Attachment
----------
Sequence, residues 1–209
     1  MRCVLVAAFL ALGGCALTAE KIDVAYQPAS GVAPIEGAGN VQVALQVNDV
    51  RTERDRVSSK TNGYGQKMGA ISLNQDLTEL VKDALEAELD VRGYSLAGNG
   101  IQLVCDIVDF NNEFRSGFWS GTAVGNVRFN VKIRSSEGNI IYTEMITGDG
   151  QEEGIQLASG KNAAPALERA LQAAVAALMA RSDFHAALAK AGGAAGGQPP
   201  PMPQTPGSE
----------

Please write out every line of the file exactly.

Sequence, residues 1–209
     1  MRCVLVAAFL ALGGCALTAE KIDVAYQPAS GVAPIEGAGN VQVALQVNDV
    51  RTERDRVSSK TNGYGQKMGA ISLNQDLTEL VKDALEAELD VRGYSLAGNG
   101  IQLVCDIVDF NNEFRSGFWS GTAVGNVRFN VKIRSSEGNI IYTEMITGDG
   151  QEEGIQLASG KNAAPALERA LQAAVAALMA RSDFHAALAK AGGAAGGQPP
   201  PMPQTPGSE